Chad Scott, a longtime special agent in the U.S. Drug Enforcement Administration's New Orleans field division, walks out of federal court after posting bail for 10 indictments, in New Orleans, La., Tuesday, Oct. 3, 2017. Friend Stephen Garcia is seen at right.

A defense attorney accused a New Orleans FBI agent on Thursday of staking out his family's home in Florida — a courtroom eruption that exposed long-simmering tensions in the prosecution of indicted federal lawman Chad Scott. 

Scott's attorneys also accused the U.S. Justice Department of misleading the grand jury that indicted Scott on charges of perjury and stealing thousands of dollars in drug money.   

"The next time you want to surveil my wife and child, just come on in and we'll make you a cup of coffee," the attorney, Stephen M. Garcia, told FBI agent Richard "Chip" Hardgrave, one of the lead investigators on the case. 

"Will do," Hardgrave responded from the front row of the gallery. The veteran agent was seated next to an FBI colleague and two federal prosecutors who had traveled from Washington, D.C., for Thursday's hearing.  

The outburst came as Garcia took his seat at the defense table in U.S. District Judge Jane Triche Milazzo's New Orleans courtroom. It highlighted the mounting acrimony in a case that has roiled the U.S. Drug Enforcement Administration and resulted in two former DEA task force members pleading guilty to federal charges.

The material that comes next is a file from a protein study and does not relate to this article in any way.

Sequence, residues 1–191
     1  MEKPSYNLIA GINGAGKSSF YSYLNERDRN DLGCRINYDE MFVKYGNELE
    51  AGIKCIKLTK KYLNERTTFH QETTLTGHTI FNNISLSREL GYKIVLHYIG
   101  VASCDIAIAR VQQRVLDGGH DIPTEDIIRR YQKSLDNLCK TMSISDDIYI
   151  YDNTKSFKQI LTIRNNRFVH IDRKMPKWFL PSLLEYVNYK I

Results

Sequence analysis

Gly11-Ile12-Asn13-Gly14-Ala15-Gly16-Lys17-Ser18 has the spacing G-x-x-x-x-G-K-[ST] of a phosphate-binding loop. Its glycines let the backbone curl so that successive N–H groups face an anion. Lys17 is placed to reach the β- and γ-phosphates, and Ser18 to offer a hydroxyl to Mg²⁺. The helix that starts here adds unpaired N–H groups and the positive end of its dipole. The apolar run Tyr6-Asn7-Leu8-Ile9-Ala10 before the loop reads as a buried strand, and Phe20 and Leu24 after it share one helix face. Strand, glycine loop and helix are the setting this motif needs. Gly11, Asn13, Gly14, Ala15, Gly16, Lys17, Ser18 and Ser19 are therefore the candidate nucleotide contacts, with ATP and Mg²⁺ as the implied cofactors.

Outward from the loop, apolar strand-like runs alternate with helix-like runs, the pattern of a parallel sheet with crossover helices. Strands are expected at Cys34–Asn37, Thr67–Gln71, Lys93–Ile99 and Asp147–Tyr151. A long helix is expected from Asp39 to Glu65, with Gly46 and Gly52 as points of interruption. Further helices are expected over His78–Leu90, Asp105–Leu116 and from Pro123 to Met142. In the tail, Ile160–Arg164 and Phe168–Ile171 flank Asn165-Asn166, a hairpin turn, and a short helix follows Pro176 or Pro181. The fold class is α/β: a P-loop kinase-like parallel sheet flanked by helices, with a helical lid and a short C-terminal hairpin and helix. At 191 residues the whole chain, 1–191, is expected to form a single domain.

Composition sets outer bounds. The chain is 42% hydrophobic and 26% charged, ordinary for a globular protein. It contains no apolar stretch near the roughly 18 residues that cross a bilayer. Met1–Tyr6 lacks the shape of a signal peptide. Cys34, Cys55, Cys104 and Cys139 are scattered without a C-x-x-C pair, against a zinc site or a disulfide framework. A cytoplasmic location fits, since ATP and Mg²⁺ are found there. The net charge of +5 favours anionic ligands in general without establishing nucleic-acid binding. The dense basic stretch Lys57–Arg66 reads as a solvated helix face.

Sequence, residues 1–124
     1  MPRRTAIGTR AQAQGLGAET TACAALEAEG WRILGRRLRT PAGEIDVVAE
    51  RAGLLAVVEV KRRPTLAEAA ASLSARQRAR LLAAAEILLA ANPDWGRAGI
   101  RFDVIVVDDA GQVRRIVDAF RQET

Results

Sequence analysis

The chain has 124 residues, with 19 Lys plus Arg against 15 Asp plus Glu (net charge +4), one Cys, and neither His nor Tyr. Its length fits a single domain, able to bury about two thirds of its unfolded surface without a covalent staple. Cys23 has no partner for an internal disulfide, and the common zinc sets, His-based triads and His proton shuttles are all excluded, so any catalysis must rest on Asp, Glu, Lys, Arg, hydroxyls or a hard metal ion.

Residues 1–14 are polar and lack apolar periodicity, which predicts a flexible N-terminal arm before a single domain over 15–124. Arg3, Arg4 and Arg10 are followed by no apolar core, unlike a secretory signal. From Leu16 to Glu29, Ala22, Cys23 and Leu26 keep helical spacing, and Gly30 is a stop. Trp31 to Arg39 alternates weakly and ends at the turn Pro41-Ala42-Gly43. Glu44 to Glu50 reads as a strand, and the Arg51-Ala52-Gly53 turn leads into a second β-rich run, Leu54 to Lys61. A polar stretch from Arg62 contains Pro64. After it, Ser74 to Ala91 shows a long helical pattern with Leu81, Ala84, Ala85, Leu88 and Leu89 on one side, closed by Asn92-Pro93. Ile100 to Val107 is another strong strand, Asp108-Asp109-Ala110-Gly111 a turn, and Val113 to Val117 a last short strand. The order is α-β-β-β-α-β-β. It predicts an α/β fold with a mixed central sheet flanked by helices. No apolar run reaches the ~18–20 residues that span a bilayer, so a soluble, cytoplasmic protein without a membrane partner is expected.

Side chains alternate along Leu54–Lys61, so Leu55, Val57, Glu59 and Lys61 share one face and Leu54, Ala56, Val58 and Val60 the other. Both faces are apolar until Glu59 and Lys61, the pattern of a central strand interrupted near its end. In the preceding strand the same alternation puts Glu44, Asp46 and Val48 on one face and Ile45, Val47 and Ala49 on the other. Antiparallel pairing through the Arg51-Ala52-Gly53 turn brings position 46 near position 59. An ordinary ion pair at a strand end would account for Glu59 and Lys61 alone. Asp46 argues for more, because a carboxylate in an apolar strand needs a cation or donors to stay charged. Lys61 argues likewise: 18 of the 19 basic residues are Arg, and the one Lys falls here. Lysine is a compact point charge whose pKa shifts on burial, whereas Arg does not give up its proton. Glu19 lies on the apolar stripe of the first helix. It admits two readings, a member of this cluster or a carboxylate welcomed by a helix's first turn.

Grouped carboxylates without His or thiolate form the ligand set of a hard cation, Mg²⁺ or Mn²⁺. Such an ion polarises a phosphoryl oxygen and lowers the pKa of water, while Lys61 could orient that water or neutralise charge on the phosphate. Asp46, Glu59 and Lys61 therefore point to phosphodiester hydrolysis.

The task force has been accused of shaking down suspects, dealing drugs and stealing cash during federal drug raids along the Interstate 12 corridor.

Another former member, longtime Hammond police officer Rodney Gemar, faces six counts including conspiracy and theft of evidence. Among other things, he's accused of discarding evidence — wallets, jewelry and cash seized from drug suspects — that the task force had stashed in a filing cabinet in violation of DEA policy.

Among the allegations against Scott is that the former Tangipahoa Parish Sheriff's Office deputy took a $10,000 "illegal gratuity" in exchange for lobbying federal prosecutors to reduce the sentence of a convicted drug dealer. He faces counts of perjury, conspiracy, falsifying government records and obstruction of justice — charges that could land the veteran agent behind bars for up to 17 years. 

It was not clear when the FBI's surveillance of Garcia began and whether it continued after he enrolled as a defense attorney in Scott's case.

Hardgrave, who has been investigating Scott for more than two years, did not deny his role in the surveillance but declined to comment outside the courtroom Thursday. An FBI spokesman also declined to comment.   

Garcia, a partner in a California-based law firm that focuses on civil litigation, befriended Scott at water skiing events and later hired him as an investigator after the DEA stripped Scott of his badge in early 2016. The attorney also testified on Scott's behalf at a bail hearing last year. 

Garcia apparently was not aware that a reporter witnessed Thursday's confrontation and initially sought to disavow any knowledge of the surveillance. When pressed, however, he said outside the courtroom that he did not know when the stakeout occurred but that the government has known for months that he intended to serve as co-counsel in the proceedings.